Greek military prepares for mass repression


Former high-level Greek diplomat Leonidas Chrysanthopoulos told the UK’s New Statesman last week that discussions had taken place between senior Greek politicians and the armed forces on the military’s response to what Chrysanthopoulos described as an “explosion of social unrest” expected to occur “quite soon.”

Chrysanthopoulos said that in the coming months, “There will be further increases in armed actions. There will be bloody demonstrations.”

Without giving details, he said, “There are contacts by certain politicians with elements in the armed forces to guarantee that in the event of major social unrest, the army will not intervene.”

This last claim was likely made for public consumption. Even if such a request had been made, any assurances from the Greek military would be worthless given the recent history of the country, in which the “regime of the colonels” seized power in a military coup in 1967 that lasted until 1974. Since the onset of mass austerity in Greece in 2010 there have been constant rumours of coup discussions among high-ranking military personnel.

The most significant aspect of Chrysanthopoulos’ interview is the revelation of discussions between politicians and the military on how to respond to the threat of social revolution.

Greek ruling circles are working on the assumption that insurrectionary struggles are inevitable because of the intolerable level of suffering they have imposed on the working class. Within less than four years, the social position of the Greek working class has been reduced to levels not seen since the Nazi occupation during World War II.

Brutal poverty is a fact of life for millions. One major aspect of the assault on living conditions is the removal of public health provisions.

More than 50 pharmaceutical conglomerates have either halted or savagely cut supplies to Greece—citing concerns for their profits. The dangerous shortage of hundreds of basic medicines is resulting in chaotic scenes of patients rushing from one pharmacy to another in search of vital drugs, while public hospitals lack adequate supplies of drugs to dispense.

Such conduct is not confined to the big pharmaceutical companies. On Tuesday it emerged that the Swiss Red Cross, a non-profit relief agency, is set to slash the number of blood donor packets it supplies to Greece. It cited concerns that it has not received full payment for previous allocations and announced that beginning in 2015 the number of blood donor packets it sends to Greece will be halved from the current annual level of 28,000.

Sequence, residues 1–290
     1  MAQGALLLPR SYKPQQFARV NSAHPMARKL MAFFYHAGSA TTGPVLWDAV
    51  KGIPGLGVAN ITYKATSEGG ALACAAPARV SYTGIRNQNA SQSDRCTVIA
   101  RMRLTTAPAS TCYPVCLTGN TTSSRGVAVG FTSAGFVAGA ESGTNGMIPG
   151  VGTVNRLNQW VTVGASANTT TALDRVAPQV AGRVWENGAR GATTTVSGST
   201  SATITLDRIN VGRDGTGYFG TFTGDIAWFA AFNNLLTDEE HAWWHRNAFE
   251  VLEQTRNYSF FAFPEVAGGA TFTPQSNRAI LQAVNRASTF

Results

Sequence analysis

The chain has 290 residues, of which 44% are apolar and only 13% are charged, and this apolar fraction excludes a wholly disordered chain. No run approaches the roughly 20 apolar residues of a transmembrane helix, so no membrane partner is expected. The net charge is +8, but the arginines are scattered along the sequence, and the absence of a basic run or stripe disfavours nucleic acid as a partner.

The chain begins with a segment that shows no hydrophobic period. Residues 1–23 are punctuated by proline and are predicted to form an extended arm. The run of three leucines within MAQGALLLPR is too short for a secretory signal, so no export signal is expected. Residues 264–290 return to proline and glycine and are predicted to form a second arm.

As a result of the austerity policies demanded by the “troika” (the International Monetary Fund, European Central Bank and European Union), a staggering 4.65 million people are now either unemployed or economically inactive. There are 450,000 households in which no one is employed. Of the 2.6 million people employed in the private sector in 2010, 900,000 have been laid off. Because the duration of benefits has been slashed, just 225,000 of the unemployed now receive unemployment pay.

In the private sector, just 600,000 workers (from a total 1.6 million) now work a regularly paid eight-hour day. Professor Savas Robolis of the University of Panteion in Athens recently said, “The remainder—a million workers—have had their hours cut or are getting paid late, four or five months late. They are in a state of desperation.”

This week’s annual report by the Bank of Greece found that 23 percent of the population lived below the poverty line in 2012, compared to 16 percent in 2011. Also noted was the exponential increase in child poverty, with the rate of families at risk reaching 31 percent in just one year (2010-2011). In the period 2010-2012, the average gross salary in the country was cut by 20.6 percent and labour costs for employers decreased by 18.5 percent.